In addition, Boudwin fails to satisfy the elements necessary to support a showing of apparent authority. “Under Arkansas law ․ apparent authority is such authority as a principal proclaims or permits, such authority which a principal by lack of care causes or allows, or such authority as a reasonably prudent man using diligence and discretion would naturally suppose.” Wal-Mart Stores, Inc. v. Crist, 855 F.2d 1326, 1331 (8th Cir.1988). To support his theory, Boudwin must demonstrate (1) Hastings Bay held Gossage “out to the public as possessing sufficient authority to embrace the particular act in question, or knowingly permitted him to act as having such authority;” and (2) that Boudwin “knew of the facts and acting in good faith had reason to believe and did believe that the agent possessed the necessary authority.” Id. (citing Cent. Surety & Ins. Corp. v. O. & S. Wholesale Co., 101 S.W.2d 167, 172 (Ark.1937)).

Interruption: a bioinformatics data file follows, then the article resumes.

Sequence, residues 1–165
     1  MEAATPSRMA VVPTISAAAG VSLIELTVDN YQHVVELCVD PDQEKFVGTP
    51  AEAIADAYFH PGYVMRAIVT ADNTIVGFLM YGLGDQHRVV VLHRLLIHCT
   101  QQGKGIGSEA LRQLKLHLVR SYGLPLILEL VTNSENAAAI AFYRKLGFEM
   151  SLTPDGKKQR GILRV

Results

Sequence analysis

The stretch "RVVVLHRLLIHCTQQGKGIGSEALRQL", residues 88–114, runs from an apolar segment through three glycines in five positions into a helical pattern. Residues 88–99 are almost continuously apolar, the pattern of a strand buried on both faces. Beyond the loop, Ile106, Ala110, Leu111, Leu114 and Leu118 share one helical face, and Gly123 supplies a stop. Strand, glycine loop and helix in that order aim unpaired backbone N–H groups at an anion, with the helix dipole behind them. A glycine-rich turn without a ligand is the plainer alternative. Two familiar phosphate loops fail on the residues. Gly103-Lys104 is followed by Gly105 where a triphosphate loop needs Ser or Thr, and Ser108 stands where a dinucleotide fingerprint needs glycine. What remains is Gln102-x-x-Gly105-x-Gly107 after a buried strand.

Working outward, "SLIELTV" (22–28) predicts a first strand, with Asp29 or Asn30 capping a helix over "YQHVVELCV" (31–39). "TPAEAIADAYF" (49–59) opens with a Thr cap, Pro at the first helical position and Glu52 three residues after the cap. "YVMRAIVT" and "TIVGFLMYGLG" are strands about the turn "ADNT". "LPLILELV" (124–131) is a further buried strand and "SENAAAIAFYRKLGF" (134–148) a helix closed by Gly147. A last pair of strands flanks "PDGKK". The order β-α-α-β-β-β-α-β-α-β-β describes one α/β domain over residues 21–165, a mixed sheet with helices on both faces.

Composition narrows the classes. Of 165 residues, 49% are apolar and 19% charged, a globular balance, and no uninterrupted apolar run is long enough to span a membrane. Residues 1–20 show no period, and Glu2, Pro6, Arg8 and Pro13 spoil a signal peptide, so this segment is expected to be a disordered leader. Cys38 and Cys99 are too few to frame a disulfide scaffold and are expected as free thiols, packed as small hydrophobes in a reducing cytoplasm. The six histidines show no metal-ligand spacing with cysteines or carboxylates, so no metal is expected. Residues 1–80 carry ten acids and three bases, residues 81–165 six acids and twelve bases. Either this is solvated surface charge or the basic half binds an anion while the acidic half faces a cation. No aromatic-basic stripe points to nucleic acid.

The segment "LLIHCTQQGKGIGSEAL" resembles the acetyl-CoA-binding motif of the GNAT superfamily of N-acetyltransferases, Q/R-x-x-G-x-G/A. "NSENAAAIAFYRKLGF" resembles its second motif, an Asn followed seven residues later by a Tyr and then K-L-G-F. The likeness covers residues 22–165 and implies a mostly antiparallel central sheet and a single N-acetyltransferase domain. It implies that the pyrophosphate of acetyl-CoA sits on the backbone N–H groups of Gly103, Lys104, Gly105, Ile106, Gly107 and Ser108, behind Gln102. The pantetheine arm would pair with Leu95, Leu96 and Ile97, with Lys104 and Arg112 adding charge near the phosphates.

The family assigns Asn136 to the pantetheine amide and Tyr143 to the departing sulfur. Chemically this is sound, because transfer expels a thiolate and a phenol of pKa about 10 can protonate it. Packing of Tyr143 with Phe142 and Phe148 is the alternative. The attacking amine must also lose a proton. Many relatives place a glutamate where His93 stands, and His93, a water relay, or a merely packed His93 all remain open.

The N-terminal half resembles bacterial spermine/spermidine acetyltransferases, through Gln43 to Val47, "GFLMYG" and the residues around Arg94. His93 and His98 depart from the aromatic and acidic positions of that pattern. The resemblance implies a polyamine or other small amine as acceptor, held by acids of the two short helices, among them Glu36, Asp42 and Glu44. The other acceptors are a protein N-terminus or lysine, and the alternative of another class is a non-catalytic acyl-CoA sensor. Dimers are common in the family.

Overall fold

To satisfy these elements, Boudwin relies heavily on Shelton's telephone call to the marina wherein an unnamed employee directed Shelton to Gossage in response to Shelton's inquiry regarding boat sales. Boudwin argues this was a manifestation from Hastings Bay that Gossage had the authority to act on its behalf. However, even assuming this to be true, we agree with the district court that no reasonable person would have believed Hastings Bay authorized Gossage to break into the boat in order to show Boudwin the inside cabin, and therefore Boudwin cannot meet the second element. “Apparent authority of an agent is ․ such authority as a reasonably prudent man, using diligence and discretion, in view of the principal's conduct, would naturally suppose the agent to possess.” Found. Telecomm., Inc. v. Moe Studio, Inc., 16 S.W.3d 531, 536 (Ark.2000). The third party's belief must be predicated on the principal's conduct, not the agent's conduct, because no agent can create evidence of apparent authority on his own. Id. Here, no reasonably prudent person would believe Gossage had the authority to break into the Lovie Dovie, irrespective of Gossage's statements to the contrary, which are irrelevant for purposes of the apparent authority inquiry. See Hunt v. Pyramid Life Ins. Co., 732 S.W.2d 167, 170 (Ark.1987) (“The authority of an agent must be shown by positive proof or by circumstances that justify the inference that the principal has assented to the acts of his agent.”) (quoting Mack v. Scott, 323 S.W.2d 929, 931-32 (Ark.1959)). As the district court noted, a reasonable person would expect that if Gossage was acting on behalf of Hastings Bay, he would have maintained a key in order to properly enter the vessel. Indeed, Boudwin and Shelton were initially uncomfortable with breaking into the boat as Gossage suggested. Under these circumstances, the district court did not err in granting summary judgment on Boudwin's apparent authority argument because Boudwin did not maintain a reasonable belief of Gossage's authority.